Sleep Breath 2000; 4(4): 173-176
DOI: 10.1055/s-2000-12544
Copyright © 2000 by Thieme Medical Publishers, Inc., 333 Seventh Avenue, New York, NY 10001, USA. Tel.: +1(212) 584-4662

Physical Exercise as an Adjunct Therapy in Sleep Apnea-An Open Trial

Valentina Giebelhaus1 , Kingman P. Strohl2 , Werner Lormes3 , Manfred Lehmann3 , Nikolaus Netzer3
  • Preliminary data from this investigation and a part of the figures were previously published in German in Pneumologie 1997;51(Suppl 3):779-782
  • 1Pulmonary Division, Department of Medicine, University Hospitals Freiburg, Freiburg, Germany
  • 2Department of Medicine, Division of Pulmonary and Critical Care Medicine, Sleep Disorders Research and Education Center, Case Western Reserve University, Cleveland, Ohio, USA
  • 3Department of Medicine, Division of Sportsmedicine, University Ulm, Germany
Further Information

Publication History

Publication Date:
31 December 2000 (online)

ABSTRACT

Background: The aim of this study was to determine in an open trial if physical exercise in sleep apnea patients is safe and/or influences respiratory disturbance index (RDI).

Methods: After being treated 3 months or more with nasal CPAP for moderate to severe sleep apnea syndrome, eleven patients (1 female, 10 male, mean age 52.2 years) began a six-month period of supervised physical exercise twice a week, 2 hours each time. Before and after this period a Polysomnography without CPAP was recorded, along with a bicycle exercise test with lactate profile, echocardiography, body-weight, and body-height measurement.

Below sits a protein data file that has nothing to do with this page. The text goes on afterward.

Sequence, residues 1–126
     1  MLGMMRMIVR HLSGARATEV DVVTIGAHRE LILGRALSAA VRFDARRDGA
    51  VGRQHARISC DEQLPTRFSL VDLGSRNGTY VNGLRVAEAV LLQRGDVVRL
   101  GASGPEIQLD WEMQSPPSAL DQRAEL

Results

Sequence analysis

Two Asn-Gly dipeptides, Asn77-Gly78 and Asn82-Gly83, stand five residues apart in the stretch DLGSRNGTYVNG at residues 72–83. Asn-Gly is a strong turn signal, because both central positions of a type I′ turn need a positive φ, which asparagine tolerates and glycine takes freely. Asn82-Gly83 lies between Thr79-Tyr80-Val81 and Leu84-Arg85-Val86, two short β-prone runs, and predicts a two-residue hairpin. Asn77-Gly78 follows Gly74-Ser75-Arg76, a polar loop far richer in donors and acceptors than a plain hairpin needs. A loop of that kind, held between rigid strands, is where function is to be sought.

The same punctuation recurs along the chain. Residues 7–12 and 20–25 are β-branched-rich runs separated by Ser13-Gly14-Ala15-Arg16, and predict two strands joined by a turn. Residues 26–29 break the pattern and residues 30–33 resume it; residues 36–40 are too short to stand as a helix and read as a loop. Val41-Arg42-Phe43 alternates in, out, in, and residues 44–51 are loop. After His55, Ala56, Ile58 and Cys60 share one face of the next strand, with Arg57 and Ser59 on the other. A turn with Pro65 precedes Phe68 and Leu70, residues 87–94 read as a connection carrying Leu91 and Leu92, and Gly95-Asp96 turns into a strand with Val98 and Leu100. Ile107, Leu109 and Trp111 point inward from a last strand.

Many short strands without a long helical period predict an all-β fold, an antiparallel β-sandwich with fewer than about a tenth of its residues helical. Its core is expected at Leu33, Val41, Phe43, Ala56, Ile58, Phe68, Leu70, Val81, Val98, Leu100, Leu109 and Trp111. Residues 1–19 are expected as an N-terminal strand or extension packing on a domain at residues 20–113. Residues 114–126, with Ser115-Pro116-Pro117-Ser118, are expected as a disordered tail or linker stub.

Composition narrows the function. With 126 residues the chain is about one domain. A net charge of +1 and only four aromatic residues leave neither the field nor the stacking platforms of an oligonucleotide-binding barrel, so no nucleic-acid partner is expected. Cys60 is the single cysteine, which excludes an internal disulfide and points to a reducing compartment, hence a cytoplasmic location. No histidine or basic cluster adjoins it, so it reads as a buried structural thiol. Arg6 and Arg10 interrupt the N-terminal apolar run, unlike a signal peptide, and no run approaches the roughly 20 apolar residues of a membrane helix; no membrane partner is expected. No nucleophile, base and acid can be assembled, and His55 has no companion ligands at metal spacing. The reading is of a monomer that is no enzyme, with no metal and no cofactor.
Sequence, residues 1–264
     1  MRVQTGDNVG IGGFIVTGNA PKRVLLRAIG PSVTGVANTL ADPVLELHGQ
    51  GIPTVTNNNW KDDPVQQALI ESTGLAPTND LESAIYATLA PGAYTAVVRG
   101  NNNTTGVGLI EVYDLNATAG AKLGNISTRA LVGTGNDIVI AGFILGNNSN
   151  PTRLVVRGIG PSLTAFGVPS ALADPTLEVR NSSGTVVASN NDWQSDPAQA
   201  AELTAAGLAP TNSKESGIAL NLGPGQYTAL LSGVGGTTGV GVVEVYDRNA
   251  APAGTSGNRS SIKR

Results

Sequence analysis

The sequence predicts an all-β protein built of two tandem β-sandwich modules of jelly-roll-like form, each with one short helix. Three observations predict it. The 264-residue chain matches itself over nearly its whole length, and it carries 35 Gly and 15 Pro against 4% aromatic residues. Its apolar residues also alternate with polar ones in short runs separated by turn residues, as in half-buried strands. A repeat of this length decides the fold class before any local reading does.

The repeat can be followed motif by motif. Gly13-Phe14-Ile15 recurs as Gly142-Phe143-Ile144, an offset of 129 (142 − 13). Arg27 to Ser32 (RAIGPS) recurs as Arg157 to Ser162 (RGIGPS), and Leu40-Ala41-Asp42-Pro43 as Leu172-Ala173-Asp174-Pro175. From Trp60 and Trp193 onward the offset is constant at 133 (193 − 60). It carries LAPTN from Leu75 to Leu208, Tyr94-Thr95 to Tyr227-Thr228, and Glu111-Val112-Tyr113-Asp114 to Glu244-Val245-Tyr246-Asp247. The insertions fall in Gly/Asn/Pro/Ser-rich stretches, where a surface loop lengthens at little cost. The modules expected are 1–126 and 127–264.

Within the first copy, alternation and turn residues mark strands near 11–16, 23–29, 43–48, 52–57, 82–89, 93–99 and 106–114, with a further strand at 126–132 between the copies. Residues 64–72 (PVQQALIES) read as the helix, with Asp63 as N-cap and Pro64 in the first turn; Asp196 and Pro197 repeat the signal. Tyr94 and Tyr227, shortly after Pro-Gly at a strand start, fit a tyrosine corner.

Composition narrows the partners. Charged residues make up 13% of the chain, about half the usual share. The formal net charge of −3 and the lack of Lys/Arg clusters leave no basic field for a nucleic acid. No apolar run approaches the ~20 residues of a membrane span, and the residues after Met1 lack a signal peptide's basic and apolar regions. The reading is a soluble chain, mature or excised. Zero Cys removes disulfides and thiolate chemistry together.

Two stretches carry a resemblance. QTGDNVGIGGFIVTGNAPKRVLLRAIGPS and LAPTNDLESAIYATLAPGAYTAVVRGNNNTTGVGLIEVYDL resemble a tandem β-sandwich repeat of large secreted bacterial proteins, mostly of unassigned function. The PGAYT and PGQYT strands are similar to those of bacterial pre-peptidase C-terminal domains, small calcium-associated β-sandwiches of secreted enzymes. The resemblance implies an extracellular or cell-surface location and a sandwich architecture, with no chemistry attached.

Results: No adverse effects or cardiopulmonary problems were observed. There was no significant change in body weight with physical training; no significant difference in either min SaO2 nor mean SaO2; and no significant improvement in fitness. No adverse cardiopulmonary effects or problems were observed. There was a decrease of the RDI from 32.8 to 23.6 (p < 0.05), without a significant change in the REM-sleep portion of total sleep time (TST), NREM sleep, or TST.

Conclusions: A prescription for mild to moderate exercise is safe in the management of sleep apnea, and, even in the absence of a fitness improvement, there occurred a decrease in RDI without a change in sleep architecture.

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